Any book set in Venice is always moved to the top of my reading list. And of course, any book set in Venice about cooking and food is going to have the most special place in my heart. The Book of Unholy Mischief definitely takes the cake here! Luciano is the narrator, a young boy who is rescued from homelessness, poverty and theft on the streets of Venice. His rescuer is Chef Ferrero, who is chef to the Doge of Venice himself, and when he saves Luciano, he takes him back to the Doge’s Palace, cleans him up, and gives him a job as his apprentice. Ferrero is no ordinary chef, though. He is a rock star! In the late 1400s, not many chefs would be so adventurous as to try food from the New World such as potatoes, but Chef Ferrero does. He is also at the center of a conspiracy theory that encompasses Luciano as the book progresses……….think Chocolat meets The Da Vinci Code……though that is oversimplifying it somewhat.
Luciano continues his education in the Doge’s kitchen under Ferrero’s tutelage, learning more about food than he ever dreamed – a typical bildungsroman, but set among the wealthy and learned of Venice. Of course, the plot is not all about food though – a mystical book purporting to give immortality to those who can decipher its secrets is said to be in Venice, and with his native intelligence, Luciano starts to suspect that Chef Ferrero (who he has come to see as a father figure) might well possess this book and be using it in his innovative and magical cooking techniques.
Well, hell. A book about food, about cooking, about mystical books, about Venice………of course I had to read it! All my favorite things all in one place! The food descriptions, in particular, are enough to make any foodie weep with joy as the sensual and beautiful pleasure of cheese, wine, meat, olives, cakes, spices and herbs, seafood, are detailed in amazingly graphic and drool-inciting images and words. Even humble foods like onions, which we all tend to overlook, are given a power when glorified and honored by the Chef himself as he talks about the effect of food upon the human psyche.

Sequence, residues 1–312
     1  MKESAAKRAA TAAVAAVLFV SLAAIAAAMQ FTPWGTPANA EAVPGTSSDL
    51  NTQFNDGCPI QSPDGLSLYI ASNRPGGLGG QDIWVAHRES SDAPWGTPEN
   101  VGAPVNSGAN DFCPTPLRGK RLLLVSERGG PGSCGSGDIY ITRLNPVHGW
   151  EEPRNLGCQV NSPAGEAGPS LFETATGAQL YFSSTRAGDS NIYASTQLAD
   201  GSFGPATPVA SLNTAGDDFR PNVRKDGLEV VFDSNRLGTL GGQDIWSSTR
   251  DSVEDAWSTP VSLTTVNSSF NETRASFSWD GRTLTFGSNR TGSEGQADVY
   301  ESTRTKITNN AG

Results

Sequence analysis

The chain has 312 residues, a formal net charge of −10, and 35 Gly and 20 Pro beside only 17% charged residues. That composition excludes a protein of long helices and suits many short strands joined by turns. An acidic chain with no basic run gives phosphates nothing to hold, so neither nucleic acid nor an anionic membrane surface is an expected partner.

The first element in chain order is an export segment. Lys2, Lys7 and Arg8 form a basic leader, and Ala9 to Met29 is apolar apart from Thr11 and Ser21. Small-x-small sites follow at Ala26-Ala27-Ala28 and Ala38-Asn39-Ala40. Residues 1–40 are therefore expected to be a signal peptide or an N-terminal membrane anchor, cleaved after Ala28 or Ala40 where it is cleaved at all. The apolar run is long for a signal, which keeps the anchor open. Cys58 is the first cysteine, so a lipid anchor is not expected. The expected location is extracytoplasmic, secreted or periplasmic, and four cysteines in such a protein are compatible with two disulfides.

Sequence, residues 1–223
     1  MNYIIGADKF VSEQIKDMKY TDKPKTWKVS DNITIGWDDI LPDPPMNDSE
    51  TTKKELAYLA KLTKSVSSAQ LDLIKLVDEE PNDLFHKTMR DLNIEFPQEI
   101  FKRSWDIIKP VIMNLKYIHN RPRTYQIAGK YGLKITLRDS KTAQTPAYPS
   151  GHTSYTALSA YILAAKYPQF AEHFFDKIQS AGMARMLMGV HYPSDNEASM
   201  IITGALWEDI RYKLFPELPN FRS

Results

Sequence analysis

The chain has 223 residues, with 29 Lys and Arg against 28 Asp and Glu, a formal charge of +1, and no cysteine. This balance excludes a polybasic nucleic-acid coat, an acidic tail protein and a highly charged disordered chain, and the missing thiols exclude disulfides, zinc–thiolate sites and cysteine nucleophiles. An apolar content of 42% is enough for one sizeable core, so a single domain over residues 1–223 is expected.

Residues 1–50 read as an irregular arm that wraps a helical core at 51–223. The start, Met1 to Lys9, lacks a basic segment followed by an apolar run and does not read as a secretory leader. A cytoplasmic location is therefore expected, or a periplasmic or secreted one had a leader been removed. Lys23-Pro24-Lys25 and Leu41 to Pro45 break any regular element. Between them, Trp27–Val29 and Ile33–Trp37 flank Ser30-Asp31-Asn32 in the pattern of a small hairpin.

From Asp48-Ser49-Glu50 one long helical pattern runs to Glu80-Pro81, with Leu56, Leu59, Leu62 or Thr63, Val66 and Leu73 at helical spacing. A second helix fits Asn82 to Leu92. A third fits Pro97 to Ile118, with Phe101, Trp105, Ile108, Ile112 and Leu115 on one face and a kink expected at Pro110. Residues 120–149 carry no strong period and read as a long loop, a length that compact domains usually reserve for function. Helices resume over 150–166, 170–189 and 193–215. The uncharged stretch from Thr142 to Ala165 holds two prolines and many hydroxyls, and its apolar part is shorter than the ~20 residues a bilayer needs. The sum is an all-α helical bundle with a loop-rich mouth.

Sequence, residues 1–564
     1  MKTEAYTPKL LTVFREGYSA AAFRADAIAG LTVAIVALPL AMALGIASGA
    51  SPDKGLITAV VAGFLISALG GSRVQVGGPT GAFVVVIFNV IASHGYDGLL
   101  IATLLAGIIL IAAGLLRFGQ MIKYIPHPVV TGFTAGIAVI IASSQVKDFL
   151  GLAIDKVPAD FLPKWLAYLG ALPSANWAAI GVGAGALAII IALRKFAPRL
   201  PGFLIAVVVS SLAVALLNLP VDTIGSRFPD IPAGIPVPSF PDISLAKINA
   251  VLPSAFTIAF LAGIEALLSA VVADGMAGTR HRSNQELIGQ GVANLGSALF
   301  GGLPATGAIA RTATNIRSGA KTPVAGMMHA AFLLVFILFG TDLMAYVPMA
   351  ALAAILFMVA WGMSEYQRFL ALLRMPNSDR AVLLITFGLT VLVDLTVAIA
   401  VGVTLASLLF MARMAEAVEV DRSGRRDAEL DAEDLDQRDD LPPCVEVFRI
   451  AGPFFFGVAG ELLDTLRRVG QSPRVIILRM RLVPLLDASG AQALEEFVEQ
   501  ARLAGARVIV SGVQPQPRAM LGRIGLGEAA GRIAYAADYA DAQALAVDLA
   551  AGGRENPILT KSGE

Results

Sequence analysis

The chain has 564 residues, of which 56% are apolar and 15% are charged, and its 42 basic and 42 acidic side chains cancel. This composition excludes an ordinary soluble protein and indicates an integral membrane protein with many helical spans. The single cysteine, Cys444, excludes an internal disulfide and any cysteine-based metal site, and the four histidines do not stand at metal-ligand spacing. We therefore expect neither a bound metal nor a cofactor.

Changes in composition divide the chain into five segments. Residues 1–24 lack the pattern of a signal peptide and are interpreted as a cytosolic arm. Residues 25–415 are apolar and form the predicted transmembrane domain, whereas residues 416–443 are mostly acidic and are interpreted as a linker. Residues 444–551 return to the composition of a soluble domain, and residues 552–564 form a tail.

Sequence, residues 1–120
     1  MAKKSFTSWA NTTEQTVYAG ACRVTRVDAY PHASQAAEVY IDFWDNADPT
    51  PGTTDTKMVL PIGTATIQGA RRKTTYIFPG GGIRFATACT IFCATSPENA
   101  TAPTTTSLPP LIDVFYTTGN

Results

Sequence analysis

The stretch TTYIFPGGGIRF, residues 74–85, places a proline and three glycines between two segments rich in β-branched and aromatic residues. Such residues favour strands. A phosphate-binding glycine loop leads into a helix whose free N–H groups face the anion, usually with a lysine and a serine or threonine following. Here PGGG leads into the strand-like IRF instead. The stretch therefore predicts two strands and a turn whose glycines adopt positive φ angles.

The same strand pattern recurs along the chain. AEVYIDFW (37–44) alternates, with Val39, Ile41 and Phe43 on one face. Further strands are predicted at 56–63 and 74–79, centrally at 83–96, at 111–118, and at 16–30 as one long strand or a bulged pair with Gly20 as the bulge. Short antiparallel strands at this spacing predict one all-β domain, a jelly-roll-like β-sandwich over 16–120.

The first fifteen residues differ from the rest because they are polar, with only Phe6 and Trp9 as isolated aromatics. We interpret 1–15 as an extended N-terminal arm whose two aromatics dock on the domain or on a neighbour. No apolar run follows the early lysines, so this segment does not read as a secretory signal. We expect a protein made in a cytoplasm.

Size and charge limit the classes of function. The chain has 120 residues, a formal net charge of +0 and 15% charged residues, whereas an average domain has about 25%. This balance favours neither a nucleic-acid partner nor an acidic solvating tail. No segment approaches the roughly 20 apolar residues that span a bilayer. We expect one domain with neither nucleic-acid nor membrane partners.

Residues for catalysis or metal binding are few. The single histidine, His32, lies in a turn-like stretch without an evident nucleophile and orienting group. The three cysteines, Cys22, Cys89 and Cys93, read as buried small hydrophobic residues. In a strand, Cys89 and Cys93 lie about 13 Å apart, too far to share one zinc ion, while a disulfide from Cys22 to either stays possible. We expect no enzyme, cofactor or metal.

My eyes watered from the onion fumes, and the stinging tears diverted my curiosity. I aked, “Why do onions make us cry?” Chef Ferrero shrugged as a tear slid down his cheek. “You may as well ask why one cries in the presence of great art, or at the birth of a child. Tears of awe, Luciano. Let them flow.” I wiped my eyes but the chef let tears roll freely down his face. A tear dripped from his chin as he scooped up the diced onion for the stockpot. His awe would season the soup.
I just love that passage. It exemplifies the joys of the most simple foods in cooking, and also reminds me that it’s the most simple and humble of foods that create the most awesome flavors. How boring and tasteless most savory dishes would be without the addition of onion? I shudder to think. And with that in mind, I was inspired to make onions the star of a dish instead of an ingredient, so here we go with roasted onions with fennel, red wine vinegar, and basil, taken from my idol Nigella Lawson’s fabulous book Nigellissima. I made this amazing dish as part of a birthday meal for my dear friend Jade and her two sons, including a fantastic white cake with white vanilla buttercream frosting. It was only my third time ever making a white cake from scratch, and I was quite pleased with how everything turned out.
4 medium red onions
1 tablespoon fennel seeds
3 tablespoons olive oil
Fresh cracked pepper
4 cups of fresh basil leaves
1/2 cup red wine vinegar
Sea salt to taste
Heat the oven to 425F. Slice the onions lengthwise, keeping the stems. Like this.
Arrange on a baking tray and pour over the olive oil.
Sprinkle with the fennel seeds and black pepper.
Bake for an hour, then remove and add sea salt. The onions will have darkened and crisped up outside, with the insides softened. Let cool, then sprinkle over the red wine vinegar.
Add the basil leaves like you would a salad, and add more vinegar and salt if it needs it.
It’s delicious, light and a perfect side accompaniment to a heavier meat or pasta dish. The fennel seed echoes the slight licorice flavor of the basil, and the red wine vinegar offsets it beautifully. So good and easy!